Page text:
The Kern County Museum gets people out of the house with a flea market

Gary Moles’s stall with a skeleton selfie station.

Logan Odneal, Reporter

The Kern County Museum hosted its bi-annual flea market fundraiser Sunday, Oct. 4th.
The museum administration held a fundraiser in the form of a flea market. Attendees were charged five dollars admission to the grounds where the event was held. Many vendors were small businesses or had a stall at a local antique mall.
Social distancing was strongly encouraged and masks were mandatory. Walking in, one person was sitting by the entrance to the courtyard where people pay admission, and another at the entrance to the grounds enforcing mask-wearing.
A large theme with attendees and vendors was getting out and escaping quarantine.
Vendor Gary Moles said “traffic has been great this year the weather is nice and people want to go out and do something normal, I just wish we could be out here without these masks” Moles continued “attendance is up a little from previous years because people want a break from the quarantine”.
In addition to antique swag vendors, there were a few art stalls. Kimberly Pitcher had flower pots painted to look like various pop culture characters and sports stars. The aunt and niece duo of Toni Schulte and Allison Beitzall-Mendiola had a more traditional art booth with horror-themed art pieces as well as stained glass works made.
Confessing to having been vendors at a few events but relatively new to being event vendors, Beitzall-Mendiola and Schulte were surprised by the large attendance during the pandemic but contributed it to escaping the lockdowns.
When talking about a three-dimensional stained-glass piece, Schulte said that she made it in a program where prison inmates write poetry and artist make something out of their interpretations of the poem.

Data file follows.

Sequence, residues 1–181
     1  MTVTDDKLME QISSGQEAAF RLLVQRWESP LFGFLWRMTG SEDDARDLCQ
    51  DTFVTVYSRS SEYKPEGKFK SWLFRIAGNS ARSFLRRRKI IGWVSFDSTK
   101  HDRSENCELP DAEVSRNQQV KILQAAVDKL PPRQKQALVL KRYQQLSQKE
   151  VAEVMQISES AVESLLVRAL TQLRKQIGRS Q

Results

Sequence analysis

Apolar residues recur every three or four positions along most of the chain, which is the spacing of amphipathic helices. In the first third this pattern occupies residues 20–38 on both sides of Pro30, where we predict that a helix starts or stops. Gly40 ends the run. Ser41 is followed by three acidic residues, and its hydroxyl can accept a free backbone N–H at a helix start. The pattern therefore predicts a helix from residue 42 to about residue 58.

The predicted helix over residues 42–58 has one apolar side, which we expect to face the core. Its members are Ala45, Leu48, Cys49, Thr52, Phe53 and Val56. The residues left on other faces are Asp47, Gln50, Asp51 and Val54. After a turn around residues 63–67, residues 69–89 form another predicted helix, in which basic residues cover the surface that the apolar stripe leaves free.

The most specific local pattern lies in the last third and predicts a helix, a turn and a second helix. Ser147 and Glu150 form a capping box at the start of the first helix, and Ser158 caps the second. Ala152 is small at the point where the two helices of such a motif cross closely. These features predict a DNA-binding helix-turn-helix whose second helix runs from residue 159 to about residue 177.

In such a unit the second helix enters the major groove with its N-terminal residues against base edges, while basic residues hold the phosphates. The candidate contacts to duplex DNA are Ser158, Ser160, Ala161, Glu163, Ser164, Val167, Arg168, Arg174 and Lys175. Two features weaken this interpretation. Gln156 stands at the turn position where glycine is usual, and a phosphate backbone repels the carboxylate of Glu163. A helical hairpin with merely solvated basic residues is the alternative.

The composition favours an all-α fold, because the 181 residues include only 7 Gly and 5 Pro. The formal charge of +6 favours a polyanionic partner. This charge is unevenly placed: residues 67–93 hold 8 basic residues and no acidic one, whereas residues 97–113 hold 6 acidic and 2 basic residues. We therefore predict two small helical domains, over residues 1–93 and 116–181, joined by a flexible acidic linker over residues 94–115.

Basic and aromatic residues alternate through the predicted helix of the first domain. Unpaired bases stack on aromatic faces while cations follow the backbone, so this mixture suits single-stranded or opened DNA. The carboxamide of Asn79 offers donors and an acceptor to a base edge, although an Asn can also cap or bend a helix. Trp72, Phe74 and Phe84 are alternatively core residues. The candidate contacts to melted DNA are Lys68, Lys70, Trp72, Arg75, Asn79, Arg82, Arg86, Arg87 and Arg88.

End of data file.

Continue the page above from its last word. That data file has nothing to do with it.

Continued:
Attendees Tina Rathburn and her young daughter June came to the flea market to get out of the house. Rathburn already likes antiquing, so the flea market wasn’t a hard sell. She did have mixed feelings because she is concerned about being in a large crowd during a pandemic but was reassured by the strict masking rules.
Family man George Diaz was less interested in antiquing but came out because his wife wanted to go out and do something and it was great to get the kids out of the house because it was starting to get a little claustrophobic. His one complaint is that there wasn’t any food, there were a few snack vendors but no one sold anything more substantial than a snow cone.
The Kern County Museum provided a great opportunity for the community to escape outside and have some normal fun again.

Donna Pitcher at her booth, Plants for You, showing off and selling her plants at the Village Outdoor Flea Market on Sunday Oct. 4. (Selena Paiz)

The mission at Kern County booth set up at The Village Flea Outdoor Market on Sunday Oct. 4. (Selena Paiz)
Goers of The Village Flea Outdoor Market looking at antiques on Sunday Oct. 4. (Selena Paiz)
Gary Moles posing with a sign he just sold at his booth at The Village Outdoor flea Market on Sunday Oct. 4.
Gary Moles’s stall with a skeleton selfie station. (Logan Odneal )
Kimberly Pitcher’s painted pots. (Logan Odneal)
Gary Moles in his stall selling antiques to attendees. (Logan Odneal)
People exploring some of the Kern County Museum’s outdoor exhibits (Logan Odneal)
Toni Schultze’s prisoner poem art piece. (Logan Odneal)
Artists Toni Schultze (right) and her niece Allison Beitzall-Mendiola (Left) at their stall. (Logan Odneal)